By Alanna Warwick-Smith
The Cayman Islands marked a pivotal point in its history when the Legislative Assembly was renamed the House of Parliament on Friday, 5 December 2020.
Growing up on Grand Cayman, the largest of the tri-island British Overseas Territory, history was passed on through storytelling by our elders. As a child, I would hear countless tales of the Cayman Islands’ birth and growth over the last two centuries, and how we had progressed from being ‘the islands time forgot’ to a world-class jurisdiction home to many global businesses.
I made the decision to attend the opening of the House of Parliament so that I too could become a storyteller and pass on a first-hand account of this important juncture to my children and grandchildren – recounting another stepping stone in the path of our democratic history and cementing the strength of the governance system.
The birthplace of democracy in the Cayman Islands is accepted as Pedro St. James Castle, a traditional Caymanian Great House and plantation, where on 5 December 1831 (189 years prior to the renaming of the House of Parliament) a group of individuals decided to form the first elected government (source).
The progression of government in the Cayman Islands continued at a consistent pace, with notable achievements such as a written constitution and women being granted the right to vote in 1959 (source).
The renaming of the Cayman Islands Legislative Assembly, the unicameral legislature of the Cayman Islands (source), is another historic moment in the story of these islands.
Sitting in the grand room filled with politicians, dignitaries, businesspeople, and notable members of the Cayman Islands community I was struck with the question – what does this change all mean? How does it support the sustainable growth of the islands?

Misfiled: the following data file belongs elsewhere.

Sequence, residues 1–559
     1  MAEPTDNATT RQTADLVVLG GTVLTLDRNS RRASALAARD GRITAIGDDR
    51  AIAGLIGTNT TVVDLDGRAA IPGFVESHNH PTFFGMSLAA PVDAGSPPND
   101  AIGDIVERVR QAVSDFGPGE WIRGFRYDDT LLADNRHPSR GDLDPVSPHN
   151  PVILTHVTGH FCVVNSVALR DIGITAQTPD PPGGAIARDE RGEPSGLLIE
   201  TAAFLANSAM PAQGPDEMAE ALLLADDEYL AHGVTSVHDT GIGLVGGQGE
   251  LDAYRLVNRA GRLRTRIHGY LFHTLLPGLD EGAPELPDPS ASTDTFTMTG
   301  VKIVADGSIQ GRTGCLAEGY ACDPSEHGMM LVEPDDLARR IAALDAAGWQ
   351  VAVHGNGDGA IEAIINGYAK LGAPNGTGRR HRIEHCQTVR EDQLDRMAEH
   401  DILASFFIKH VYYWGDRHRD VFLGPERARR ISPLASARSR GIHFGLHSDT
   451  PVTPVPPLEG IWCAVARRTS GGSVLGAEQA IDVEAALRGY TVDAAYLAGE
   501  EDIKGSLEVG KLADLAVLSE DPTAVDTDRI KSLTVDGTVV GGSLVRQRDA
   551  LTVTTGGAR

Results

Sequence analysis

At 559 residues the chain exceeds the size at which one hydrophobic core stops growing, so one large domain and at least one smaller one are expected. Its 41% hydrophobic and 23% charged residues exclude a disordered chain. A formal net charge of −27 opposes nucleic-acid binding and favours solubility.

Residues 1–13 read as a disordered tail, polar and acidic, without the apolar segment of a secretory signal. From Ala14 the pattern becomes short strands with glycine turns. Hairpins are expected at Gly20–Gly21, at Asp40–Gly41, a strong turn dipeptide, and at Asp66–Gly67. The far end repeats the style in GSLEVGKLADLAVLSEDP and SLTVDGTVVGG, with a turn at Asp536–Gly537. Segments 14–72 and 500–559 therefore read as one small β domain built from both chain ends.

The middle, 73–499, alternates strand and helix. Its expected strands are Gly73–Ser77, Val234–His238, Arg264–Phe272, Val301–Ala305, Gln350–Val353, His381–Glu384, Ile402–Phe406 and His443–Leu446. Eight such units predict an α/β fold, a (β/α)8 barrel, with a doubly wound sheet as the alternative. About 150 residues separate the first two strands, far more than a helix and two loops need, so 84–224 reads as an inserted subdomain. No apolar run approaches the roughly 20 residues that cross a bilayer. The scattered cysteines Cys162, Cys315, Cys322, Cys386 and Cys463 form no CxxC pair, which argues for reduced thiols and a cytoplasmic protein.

A proud British Overseas Territory, in short, this change allows the House of Parliament autonomous authority over domestic affairs.
In his throne speech, His Excellency the Governor, Martyn Roper, extended congratulations from the Prime Minister of the United Kingdom, Boris Johnson, who lauded the Cayman Islands for “how far they have come in developing into a mature democracy.” (source)
The Cayman Islands now joins the likes of other committed British Overseas Territories, Bermuda (source) and Gibraltar (source), with a House of Parliament governing domestic issues and affairs. The Governor retains power over security and good governance of these islands, maintaining a balance in the constitutional relationship which reflects the rights and responsibilities of both the UK and the Cayman Islands and working closely with other government departments to fulfil the UK government’s collective responsibility for the country (source).
I left the now House of Parliament inspired by a modern, democratic government which would continue to support and encourage confidence and stability in the Cayman Islands.
About the author
Alanna Warwick-Smith is a Senior Marketing Communication Coordinator supporting the business development and real estate marketing team for Dart. Alanna has worked in Dart’s flagship development of Camana Bay for the past eight years, when she began her career working at the town’s bookstore, Books & Books. A lover of the written word, Alanna reads and writes poetry in her spare time, and has written content for a range of platforms in the past, including her own blog and Camana Bay Times.